On this, the 500th anniversary of Martin Luther nailing his famous 95 theses to the door of the church in Wittenberg in 1517, I thought I’d do some reflections on theology. I’ll begin by posing a question:
Now to be clear, we need to distinguish right away what I mean by “theology.” In its broadest sense, “theology proper” comes from two Greek words: theos (God) and logos (word). In other words, theology in its widest understanding involves talking about, or teaching others about, God.
In this case, however, I’m referring specifically to systematic theology, as opposed to, let’s say, biblical theology, dogmatic theology, practical theology, etc. What’s the differences between all of those?
Defining Systematic Theology
Let’s begin by examining a few working definitions of “systematic theology.” According to an article written by Dr Wayne Grudem (himself a noted systematic theologian) on the evangelical website The Gospel Coalition, the answer is as follows:
“Systematic theology means answering the question: ‘What does the whole Bible say to us today about any given topic?’
It means searching the Bible to find all the verses pertaining to a given topic of study. Then, we put all the verses together to understand what God wants us to believe.
‘Systematic’ means ‘carefully organized by topics.’ Thus, it’s different from random theology or disorganized theology.”
Here’s a second definition, according to Jack Wellman of The Christian Crier on a post in Patheos. Systematic theology is, well, systematic:
“A definition of something that is systematic involves a system, method, or plan like a systematic course of reading or having systematic efforts in a program of study. It is typically presented or formulated as a coherent body of ideas or principles and in the case of theology it is a sub-discipline of studying the Word of God and the associated doctrines that appear from Genesis 1 to Revelation 22.”
“Doing” Systematic Theology
Note the commonalities between these two statements: systematic theology, approaching and ordering its topics in a systematic and rational way, seeks to find out “what the Bible teaches” about any given topic, right across its entirety—from Genesis to Revelation.
In other words, if we wanted to do some systematic theology, we would begin the task by first posing the question (as in, for example): “What does the Bible teach about the Holy Spirit?” Secondly, then, we would proceed to look up every single verse in the Bible, both Old and New Testaments, having to do with the Spirit, and try to understand what those texts say about the Spirit in each passage.
Thirdly, once that task is complete, we would compile essentially a database of topics on what we’ve discovered about the Spirit in the entire Bible. From that compendium, we would finally construct a series of propositional statements about what we think the Bible teaches on the Spirit, and from those efforts would finally come our systematic theology.
The aim of such an approach is to arrange religious truths from the Bible in an ordered way, and then present them in a rational, systematic fashion. This is how we end up with entire books of systematic theology. If you look at the table of contents in most of them, they begin with such topics as: revelation, the Bible, God, Jesus, the Holy Spirit, and so forth. Every topic, of course, is broken down into subtopics: the person, nature, and works of Christ, for example, under the broadest heading of “Christology”—what that theologian believes the entire Bible teaches about Christ.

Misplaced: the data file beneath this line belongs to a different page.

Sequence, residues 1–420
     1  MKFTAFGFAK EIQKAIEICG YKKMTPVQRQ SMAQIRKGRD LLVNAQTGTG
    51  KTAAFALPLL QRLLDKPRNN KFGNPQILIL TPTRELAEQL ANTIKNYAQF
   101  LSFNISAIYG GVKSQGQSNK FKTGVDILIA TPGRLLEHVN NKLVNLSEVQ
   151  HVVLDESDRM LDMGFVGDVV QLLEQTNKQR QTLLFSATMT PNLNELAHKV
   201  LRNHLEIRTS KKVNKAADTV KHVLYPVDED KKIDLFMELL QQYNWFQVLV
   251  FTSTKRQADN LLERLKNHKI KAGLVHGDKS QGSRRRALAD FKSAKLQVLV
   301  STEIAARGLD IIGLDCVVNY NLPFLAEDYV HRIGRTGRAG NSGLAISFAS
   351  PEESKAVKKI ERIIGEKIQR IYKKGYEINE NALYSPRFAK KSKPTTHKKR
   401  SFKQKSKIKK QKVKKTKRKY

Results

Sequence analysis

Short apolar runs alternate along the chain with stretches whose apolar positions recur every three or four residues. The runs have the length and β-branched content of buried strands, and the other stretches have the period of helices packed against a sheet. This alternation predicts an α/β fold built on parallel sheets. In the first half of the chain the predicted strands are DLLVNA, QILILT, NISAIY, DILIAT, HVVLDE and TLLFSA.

Deconstructing Systematic Theology
There are a few problems, however, inherent within systematic theology, the way in which it treats the Scripture, and its subsequent applications in real life.
We can identify at least five problems:
- Is Scripture merely a compendium of teachings on a wide variety of topics? The entire approach taken by systematic theologians over the centuries builds on an Aristotelian platform of reason. How did this come about? As the early church transitioned from largely Jewish to Gentile leadership, its new leaders sought to contextualize the teachings of the Bible into a Gentile world. According to Pratt, “This transition of leadership led to very significant changes in the ways Christians constructed theology. As Gentile theologians sought to minister the gospel in their Gentile world, they began to explain and defend their faith in ways that were relevant for the Greco-Roman culture at that time. They began to describe Christianity in terms of the Hellenistic philosophies of their day.” Thus over the centuries, theologians such as Aquinas and others made use of Greek philosophical categories by which to organize not only theological topics, but indeed their entire approach to the Bible was shaped by the view that essentially held that the Bible was little more than an answer-book for theological questions. All that remained was for them to discover, through exhaustive searches and arranging of topics, what the Bible taught on any given topic, and then systematize that into an ordered whole.